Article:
TV reviews: David Frost | Who Do You Think You Are?

David Frost interviews Prime Minister Harold Wilson. Picture: ITV
David Frost interviews Prime Minister Harold Wilson. Picture: ITV
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I DON’T often say this, but well done ITV. Twice recently it has scooped the BBC with a tribute to a goggle-box colossus to which the state broadcaster has equal claim. First it was Alan Whicker, last week Sir David Frost.

David Frost – Hello, Good Evening And Farewell; STV, Monday, 11.05pm

Who Do You Think You Are?; BBC1, Wednesday, 10.35pm

Father Figure; BBC1, Wednesday, 11.35pm

Maybe the Beeb could have improved on David Frost – Hello, Good Evening And Farewell, but ITV got in first, something of which Frosty the journalist would surely approve.

Actually, I’m not sure I wanted much more from this programme. Frost raising his palms for a lightning punch combo by Muhammad Ali – check. Frost introducing his musical guests: “Ladies and gentlemen… the Beatles!” – check. Frost signing off, filling the screen, while the insurance swindler Emil Savundra gesticulated behind him, eager to put his crooked point across – check. The latter was Frost inventing trial by television. He also invented television satire. And, hang on, didn’t he invent actual television?

“The first star conceived and created by TV,” said Sir Michael Grade, who was good value as usual and, not wishing to hasten his demise, I hope TV will do him proud too. Concorde was invented for Frost, said Grade, so he could beat the time difference to present eight daily shows in a seven-day week, here and in the US. He was electric back then; you just plugged him in. The old clips must have surprised those watching whose earliest encounter with him was Through The Keyhole, when he seemed to be in urgent need of clockwork wind-up: “Let’s. See. Whose. House. It. Is.”

So many clips. To Noel Coward: “Do you wish you had ever been a critic?” Coward, appalled: “Good God, no. I also wish nobody else had ever been a critic.” We got to see that when Frosty said “Hello” he always narrowed his eyes; when he said “Good evening” his body shuddered, as if it had been given too many volts; when he said “Welcome” he was as sincere as he could be, though on That Was The Week That Was he was quickly into some Establishment-baiting, such as this mimicking of a royal reporter: “The Queen, smiling radiantly, is swimming for her life.”

Frost didn’t invent chat television but never again will an interviewer get his own movie (Frost/Nixon – there’s no point waiting for Norton/Biggins). Yes, he became Establishment himself. No, I didn’t think politicians saying they liked how he asked questions (Breakfast With Frost) was any kind of praise. But the autumn of his great career did produce the tribute’s funniest moment: Tony Blair’s reaction on being asked, re President Bush: “Do you pray together?”

From having met Marianne Faithfull, I know her grandfather invented a contraption called the Frigidity Machine and that a great-uncle wrote the book which minted the word “masochism”. You tend not to forget such things, or indeed how completely beguiling she was that day. There was no need for her Who Do You Think You Are? to go that far back, though. The question “What did you do in the war, Mummy?” was sufficient.

Faithfull began, as you fear is required of her even in mundane post-office transactions, by talking about Mick Jagger. She loved him and he her, but in 1970 she felt compelled to walk away. “In the Swinging Sixties I had to pretend that everything was wonderful and wild and sexual – it really wasn’t,” she said. Her mother Eva had an “unconscious hatred” of men which had a big effect on Faithfull, although she didn’t know it could be traced back to Eva’s trauma in wartime Vienna. “I had no idea and no real respect for what she had done and what had happened to her,” the Rolling Stones’ muse admitted.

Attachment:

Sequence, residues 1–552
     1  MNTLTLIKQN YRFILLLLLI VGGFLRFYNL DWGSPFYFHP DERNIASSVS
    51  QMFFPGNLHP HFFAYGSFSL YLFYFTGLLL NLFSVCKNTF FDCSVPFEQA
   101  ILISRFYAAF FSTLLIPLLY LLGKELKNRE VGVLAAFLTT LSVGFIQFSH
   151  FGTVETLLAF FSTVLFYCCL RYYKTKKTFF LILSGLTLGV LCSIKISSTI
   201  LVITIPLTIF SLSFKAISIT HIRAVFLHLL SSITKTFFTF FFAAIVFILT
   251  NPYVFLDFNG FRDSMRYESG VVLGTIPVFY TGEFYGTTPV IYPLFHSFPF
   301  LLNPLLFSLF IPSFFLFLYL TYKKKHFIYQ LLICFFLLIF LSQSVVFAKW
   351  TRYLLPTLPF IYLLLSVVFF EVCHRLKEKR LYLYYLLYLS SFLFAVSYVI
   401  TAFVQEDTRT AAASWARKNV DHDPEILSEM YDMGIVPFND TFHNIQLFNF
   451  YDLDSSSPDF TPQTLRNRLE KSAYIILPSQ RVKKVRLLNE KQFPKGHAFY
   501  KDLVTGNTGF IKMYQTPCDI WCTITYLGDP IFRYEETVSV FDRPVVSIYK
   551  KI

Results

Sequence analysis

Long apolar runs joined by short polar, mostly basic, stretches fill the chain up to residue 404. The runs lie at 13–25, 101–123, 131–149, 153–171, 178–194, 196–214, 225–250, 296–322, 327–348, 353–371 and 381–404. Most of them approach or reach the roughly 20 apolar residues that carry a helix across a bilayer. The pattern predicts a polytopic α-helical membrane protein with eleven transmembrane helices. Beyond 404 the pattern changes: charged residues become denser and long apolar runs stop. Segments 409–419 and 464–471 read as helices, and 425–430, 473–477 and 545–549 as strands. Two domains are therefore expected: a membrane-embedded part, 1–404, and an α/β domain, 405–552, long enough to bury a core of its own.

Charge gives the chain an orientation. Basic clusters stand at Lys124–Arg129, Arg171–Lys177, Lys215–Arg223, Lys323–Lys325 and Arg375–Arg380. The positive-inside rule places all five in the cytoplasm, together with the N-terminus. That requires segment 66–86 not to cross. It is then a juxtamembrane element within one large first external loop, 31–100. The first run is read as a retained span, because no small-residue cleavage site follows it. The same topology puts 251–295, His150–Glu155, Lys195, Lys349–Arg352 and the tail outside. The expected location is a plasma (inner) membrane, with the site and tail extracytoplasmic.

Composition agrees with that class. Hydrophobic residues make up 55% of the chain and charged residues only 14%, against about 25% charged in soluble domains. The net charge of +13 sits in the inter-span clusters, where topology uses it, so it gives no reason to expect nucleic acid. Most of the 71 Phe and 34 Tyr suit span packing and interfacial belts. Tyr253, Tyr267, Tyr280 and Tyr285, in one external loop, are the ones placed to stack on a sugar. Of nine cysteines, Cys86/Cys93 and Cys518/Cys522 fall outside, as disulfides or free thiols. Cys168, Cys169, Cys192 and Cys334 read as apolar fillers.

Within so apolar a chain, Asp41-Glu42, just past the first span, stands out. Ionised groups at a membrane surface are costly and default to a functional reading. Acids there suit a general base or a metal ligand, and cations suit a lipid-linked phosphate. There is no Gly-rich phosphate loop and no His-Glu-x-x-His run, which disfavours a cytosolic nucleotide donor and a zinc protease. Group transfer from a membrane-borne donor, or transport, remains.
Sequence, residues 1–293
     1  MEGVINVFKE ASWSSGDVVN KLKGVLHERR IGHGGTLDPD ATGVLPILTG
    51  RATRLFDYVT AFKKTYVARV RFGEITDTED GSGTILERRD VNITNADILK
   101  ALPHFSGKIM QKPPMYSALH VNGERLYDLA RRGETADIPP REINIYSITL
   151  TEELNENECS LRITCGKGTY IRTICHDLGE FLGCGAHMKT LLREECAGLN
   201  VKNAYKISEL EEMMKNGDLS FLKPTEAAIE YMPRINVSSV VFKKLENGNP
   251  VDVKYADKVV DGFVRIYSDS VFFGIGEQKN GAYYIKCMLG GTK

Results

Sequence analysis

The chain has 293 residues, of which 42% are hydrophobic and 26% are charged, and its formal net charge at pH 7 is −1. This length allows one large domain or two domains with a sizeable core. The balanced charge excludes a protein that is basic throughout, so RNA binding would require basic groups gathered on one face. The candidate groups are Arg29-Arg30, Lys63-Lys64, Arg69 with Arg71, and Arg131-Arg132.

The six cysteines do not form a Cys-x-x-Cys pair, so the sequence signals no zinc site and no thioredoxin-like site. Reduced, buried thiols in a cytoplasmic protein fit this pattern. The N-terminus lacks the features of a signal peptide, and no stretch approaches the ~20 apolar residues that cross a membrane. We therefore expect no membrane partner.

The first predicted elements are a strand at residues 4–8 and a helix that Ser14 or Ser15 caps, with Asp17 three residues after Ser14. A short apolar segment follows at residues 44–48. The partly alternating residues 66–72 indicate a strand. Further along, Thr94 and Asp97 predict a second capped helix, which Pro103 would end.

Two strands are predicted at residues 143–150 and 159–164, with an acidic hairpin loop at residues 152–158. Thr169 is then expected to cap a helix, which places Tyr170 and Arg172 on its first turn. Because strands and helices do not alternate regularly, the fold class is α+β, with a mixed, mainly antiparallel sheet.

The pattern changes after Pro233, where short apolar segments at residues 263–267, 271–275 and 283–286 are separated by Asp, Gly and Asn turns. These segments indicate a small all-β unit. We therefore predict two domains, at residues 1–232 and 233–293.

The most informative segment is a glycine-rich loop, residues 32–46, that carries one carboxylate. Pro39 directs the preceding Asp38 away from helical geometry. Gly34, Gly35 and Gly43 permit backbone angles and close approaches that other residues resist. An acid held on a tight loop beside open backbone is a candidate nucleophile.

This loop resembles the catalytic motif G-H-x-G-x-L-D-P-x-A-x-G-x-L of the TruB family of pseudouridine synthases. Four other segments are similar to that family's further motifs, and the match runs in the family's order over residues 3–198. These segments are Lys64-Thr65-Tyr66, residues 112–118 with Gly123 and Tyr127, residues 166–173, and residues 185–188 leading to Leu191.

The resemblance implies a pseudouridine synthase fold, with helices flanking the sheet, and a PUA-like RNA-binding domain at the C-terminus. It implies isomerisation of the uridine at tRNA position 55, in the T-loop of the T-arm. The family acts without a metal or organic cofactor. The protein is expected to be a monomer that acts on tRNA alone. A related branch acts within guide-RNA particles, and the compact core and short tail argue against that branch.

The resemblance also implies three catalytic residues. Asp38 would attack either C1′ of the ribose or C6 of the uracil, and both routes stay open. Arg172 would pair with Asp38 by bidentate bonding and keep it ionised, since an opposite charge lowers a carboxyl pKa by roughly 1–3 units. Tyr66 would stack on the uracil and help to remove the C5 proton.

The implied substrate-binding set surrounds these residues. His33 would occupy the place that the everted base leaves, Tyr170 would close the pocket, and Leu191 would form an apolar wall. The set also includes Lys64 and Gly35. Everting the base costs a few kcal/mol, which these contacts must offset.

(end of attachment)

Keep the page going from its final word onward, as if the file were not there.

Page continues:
On to Vienna. Eva, half-Jewish, had fled there after the Nazi crackdown had killed her risqué showgirl career in Berlin, only for Hitler to annexe Austria. Faithfull was shocked to learn about Gestapo persecution and the torture of her grandfather who was involved in the Communist Resistance. Worse was to follow at the war’s end when the liberating Red Army raped 100,000 women, among them Eva and her mother. The historians making the big reveal were typical of Who Do You Think You Are?: precise, calm, a bit prim. Possibly they’d never had anyone confess before: “It took me years, until I was 50, not to have to take drink or drugs in order to have sex.” But then there’s only one Marianne Faithfull.

Fact: Modern Family outguns all other domestic sitcoms for gags and Phil is king of the klutzy dads. Jason Byrne’s Father Figure at least began with a good visual joke involving exploding baked beans. Unfortunately it then ran out of them.


Drama - By Any Means

BBC1, Sunday, 9pm

“Are you cops?” the mysterious trio are asked by their latest catch. “It’s a grey area,” they reply. Shelley Conn, Warren Brown and Andrew-Lee Potts star as a maverick crimebusting unit taking orders from Gina McKee. First up, Keith Allen plays a right bad yin.

Comedy - The Wrong Mans

BBC2, Tuesday, 9pm

“If you’re not here by five o’clock we’ll kill your wife.” The warning is left on the phone of a bored council worker after he witnesses a car crash. Does he have a wife? He barely seems to have a life. James Corden and Mathew Baynton have written and co-star in this comedy caper.

Reality - Strictly Come Dancing

BBC1, Friday, 9pm

After the big launch, the 108th series then missed a week, as if to say: “We can do this, suckers, because The X Factor is past it and you’re hooked.”

Extra rehearsal time should mean less clodhopping, which would be a shame. This column is rooting for Countdown’s Rachel Riley.